Olive Garden Might Be Struggling. Here's What To Know

Darden Restaurants informed investors and analysts on March 24 that they will have to lower their expectations. As CNBC covered, the company was supposed to bring in $2.51 billion in revenue but only managed $2.45 billion. Moreover, same-store sales for Olive Garden, which is Darden Restaurant's most profitable brand, only grew by 29.9%, not 36.7%. This is despite having record-breaking sales in December.

It appears that the restaurant's business continued to be affected by COVID-19. Raj Vennam, the Chief Financial Officer of Darden, explained that because Olive Garden was both an eat-in location and had an older demographic that was more at risk than other brands in the company's portfolio, it was particularly susceptible to disruptions caused by the pandemic (per Restaurant Business). In fact, the rest of the restaurants owned by the company performed reasonably well. It was only Olive Garden that proved to be a heavy burden to their profit margin.

Olive Garden struggled before COVID-19

However, despite Raj Vennam's explanations for Olive Garden's failure to grow as much as investors would want, the brand faced difficulties before COVID-19. Yes, Snopes disproved the rumors that Olive Garden was closing in December of 2020, but those very rumors may be attributed to a general feeling that Olive Garden might not be doing as well as it had in the past.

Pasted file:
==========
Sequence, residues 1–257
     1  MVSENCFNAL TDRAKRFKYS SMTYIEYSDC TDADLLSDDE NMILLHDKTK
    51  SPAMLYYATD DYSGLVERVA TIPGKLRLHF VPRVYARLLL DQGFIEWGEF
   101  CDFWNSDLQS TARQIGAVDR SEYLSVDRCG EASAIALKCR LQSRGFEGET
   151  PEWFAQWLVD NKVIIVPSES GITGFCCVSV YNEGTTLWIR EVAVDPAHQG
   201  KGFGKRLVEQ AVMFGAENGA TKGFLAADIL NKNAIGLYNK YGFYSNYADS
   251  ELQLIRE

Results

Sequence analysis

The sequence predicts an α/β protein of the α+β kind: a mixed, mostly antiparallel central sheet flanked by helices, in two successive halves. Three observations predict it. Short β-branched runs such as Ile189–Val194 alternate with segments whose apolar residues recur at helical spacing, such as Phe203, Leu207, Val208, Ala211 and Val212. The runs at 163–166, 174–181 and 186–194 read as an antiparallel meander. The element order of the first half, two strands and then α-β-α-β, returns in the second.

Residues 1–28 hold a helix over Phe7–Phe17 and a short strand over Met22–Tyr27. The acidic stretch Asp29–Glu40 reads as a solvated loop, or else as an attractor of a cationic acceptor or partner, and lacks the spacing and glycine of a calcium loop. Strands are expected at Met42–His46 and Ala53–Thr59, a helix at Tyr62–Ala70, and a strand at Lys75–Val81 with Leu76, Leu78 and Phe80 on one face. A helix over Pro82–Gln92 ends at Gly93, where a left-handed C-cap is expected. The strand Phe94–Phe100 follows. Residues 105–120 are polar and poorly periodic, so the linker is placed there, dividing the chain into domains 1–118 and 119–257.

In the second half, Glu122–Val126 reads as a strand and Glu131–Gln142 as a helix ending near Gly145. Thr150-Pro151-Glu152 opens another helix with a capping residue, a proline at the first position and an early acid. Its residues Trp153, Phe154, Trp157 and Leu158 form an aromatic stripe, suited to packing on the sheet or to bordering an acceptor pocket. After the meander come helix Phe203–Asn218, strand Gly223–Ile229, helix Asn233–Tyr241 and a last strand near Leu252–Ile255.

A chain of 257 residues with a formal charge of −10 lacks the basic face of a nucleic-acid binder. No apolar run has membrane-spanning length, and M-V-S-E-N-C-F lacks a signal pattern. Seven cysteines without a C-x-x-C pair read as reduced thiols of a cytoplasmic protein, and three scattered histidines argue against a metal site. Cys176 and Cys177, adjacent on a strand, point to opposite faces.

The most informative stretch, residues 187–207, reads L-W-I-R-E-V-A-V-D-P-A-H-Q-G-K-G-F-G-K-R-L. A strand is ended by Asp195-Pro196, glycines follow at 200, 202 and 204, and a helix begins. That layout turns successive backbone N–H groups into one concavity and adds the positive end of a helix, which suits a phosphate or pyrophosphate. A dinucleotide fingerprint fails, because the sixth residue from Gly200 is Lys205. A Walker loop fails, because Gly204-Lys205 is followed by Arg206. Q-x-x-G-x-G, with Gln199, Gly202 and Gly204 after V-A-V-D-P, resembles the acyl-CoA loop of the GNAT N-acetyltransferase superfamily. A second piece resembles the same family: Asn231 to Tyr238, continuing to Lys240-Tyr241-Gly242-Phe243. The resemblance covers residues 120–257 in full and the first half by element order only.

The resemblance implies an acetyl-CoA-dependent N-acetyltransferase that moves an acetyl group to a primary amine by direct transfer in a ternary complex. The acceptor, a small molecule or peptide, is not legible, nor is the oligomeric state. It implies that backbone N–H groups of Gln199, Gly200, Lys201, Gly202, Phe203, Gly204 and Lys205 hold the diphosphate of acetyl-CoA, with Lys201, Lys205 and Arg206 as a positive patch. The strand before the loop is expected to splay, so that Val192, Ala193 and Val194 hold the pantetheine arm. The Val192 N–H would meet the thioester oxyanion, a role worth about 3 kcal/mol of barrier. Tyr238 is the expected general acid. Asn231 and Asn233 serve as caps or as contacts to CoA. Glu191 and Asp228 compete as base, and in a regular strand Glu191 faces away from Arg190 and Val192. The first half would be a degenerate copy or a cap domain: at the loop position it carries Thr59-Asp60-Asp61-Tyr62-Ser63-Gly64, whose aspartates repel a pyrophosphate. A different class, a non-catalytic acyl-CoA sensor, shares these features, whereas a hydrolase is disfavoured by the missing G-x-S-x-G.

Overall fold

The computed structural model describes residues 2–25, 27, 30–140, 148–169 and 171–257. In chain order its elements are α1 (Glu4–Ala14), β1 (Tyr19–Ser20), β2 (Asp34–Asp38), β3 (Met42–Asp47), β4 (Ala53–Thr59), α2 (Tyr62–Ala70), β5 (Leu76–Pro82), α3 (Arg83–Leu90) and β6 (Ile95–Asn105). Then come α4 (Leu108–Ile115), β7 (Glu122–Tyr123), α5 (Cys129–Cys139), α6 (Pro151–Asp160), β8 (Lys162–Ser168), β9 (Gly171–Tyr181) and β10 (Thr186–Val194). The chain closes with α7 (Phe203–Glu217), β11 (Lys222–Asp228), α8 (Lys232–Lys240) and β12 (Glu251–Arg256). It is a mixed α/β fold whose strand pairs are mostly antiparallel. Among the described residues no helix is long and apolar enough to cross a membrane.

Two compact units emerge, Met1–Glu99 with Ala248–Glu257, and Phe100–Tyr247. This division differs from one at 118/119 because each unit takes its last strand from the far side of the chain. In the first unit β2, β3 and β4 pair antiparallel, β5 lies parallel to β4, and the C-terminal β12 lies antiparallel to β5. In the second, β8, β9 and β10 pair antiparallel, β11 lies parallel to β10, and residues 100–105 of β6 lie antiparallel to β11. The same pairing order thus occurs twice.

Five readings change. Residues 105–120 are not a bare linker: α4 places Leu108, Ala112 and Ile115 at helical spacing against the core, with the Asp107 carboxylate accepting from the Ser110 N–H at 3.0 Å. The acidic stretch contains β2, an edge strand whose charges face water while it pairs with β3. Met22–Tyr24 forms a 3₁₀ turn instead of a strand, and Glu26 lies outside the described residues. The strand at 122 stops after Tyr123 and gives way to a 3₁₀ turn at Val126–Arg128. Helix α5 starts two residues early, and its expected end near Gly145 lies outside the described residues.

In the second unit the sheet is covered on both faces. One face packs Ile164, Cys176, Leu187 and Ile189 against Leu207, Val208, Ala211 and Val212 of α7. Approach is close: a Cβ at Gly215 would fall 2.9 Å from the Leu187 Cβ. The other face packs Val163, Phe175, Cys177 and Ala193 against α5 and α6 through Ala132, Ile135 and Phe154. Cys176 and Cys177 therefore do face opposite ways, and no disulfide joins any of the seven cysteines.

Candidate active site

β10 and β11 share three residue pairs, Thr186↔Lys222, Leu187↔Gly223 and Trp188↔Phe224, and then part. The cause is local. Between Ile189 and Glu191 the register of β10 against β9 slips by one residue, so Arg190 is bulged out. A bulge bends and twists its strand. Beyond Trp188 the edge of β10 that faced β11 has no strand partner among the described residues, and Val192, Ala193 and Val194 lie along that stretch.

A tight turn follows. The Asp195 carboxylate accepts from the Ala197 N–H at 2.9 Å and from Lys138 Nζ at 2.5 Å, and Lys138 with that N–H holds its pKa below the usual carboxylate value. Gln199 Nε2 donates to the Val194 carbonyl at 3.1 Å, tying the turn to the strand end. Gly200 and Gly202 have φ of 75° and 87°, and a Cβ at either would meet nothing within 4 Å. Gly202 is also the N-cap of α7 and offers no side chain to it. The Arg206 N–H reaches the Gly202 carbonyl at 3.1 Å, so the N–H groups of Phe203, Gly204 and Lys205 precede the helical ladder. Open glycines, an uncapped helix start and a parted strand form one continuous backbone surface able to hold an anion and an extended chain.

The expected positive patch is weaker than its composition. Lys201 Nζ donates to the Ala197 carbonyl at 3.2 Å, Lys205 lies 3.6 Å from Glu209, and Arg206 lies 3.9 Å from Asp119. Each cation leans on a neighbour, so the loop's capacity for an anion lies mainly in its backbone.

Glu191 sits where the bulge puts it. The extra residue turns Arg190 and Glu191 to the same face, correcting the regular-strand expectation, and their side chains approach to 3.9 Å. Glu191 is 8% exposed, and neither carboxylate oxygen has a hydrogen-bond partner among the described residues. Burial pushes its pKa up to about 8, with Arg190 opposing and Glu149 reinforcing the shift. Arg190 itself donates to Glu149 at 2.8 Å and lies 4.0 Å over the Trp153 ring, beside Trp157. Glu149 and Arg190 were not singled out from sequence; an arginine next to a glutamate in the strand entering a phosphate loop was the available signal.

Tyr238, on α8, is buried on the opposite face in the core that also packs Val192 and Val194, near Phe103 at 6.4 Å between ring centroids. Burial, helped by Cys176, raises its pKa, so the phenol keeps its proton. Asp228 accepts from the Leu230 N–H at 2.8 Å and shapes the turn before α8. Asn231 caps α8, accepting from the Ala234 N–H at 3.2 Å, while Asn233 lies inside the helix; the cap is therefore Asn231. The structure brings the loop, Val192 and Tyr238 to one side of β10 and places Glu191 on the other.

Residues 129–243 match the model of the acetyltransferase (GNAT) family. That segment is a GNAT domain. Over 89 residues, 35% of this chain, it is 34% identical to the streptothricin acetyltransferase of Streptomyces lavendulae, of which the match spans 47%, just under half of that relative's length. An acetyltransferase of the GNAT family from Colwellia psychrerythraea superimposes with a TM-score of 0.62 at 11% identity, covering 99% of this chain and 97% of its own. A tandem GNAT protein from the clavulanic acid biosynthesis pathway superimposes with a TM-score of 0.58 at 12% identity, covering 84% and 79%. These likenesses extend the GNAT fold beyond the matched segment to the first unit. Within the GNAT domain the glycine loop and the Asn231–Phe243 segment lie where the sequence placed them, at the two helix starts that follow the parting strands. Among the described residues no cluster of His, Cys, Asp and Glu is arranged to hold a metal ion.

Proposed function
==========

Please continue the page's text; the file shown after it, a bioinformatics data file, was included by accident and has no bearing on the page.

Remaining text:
As CNN noted in 2021, the casual dining market of which Olive Garden is a part has yet to recover from the 2008 financial crash, as it appeared people didn't want to spend $20 for an entree when fast casual brands like Chipotle were cheaper. This fed into the second issue. Fast casual brands could pivot to delivery and take out in a way that a casual Italian diner could not, so while the delivery market grew thanks to the double-edged sword of delivery apps, casual dining floundered. "The writing was already on the wall before Covid that this was not really going to be a model of the future," Sam Oches, editor of QSR magazine, said. And yet, even with smaller than expected sales growth, Olive Garden pushes on.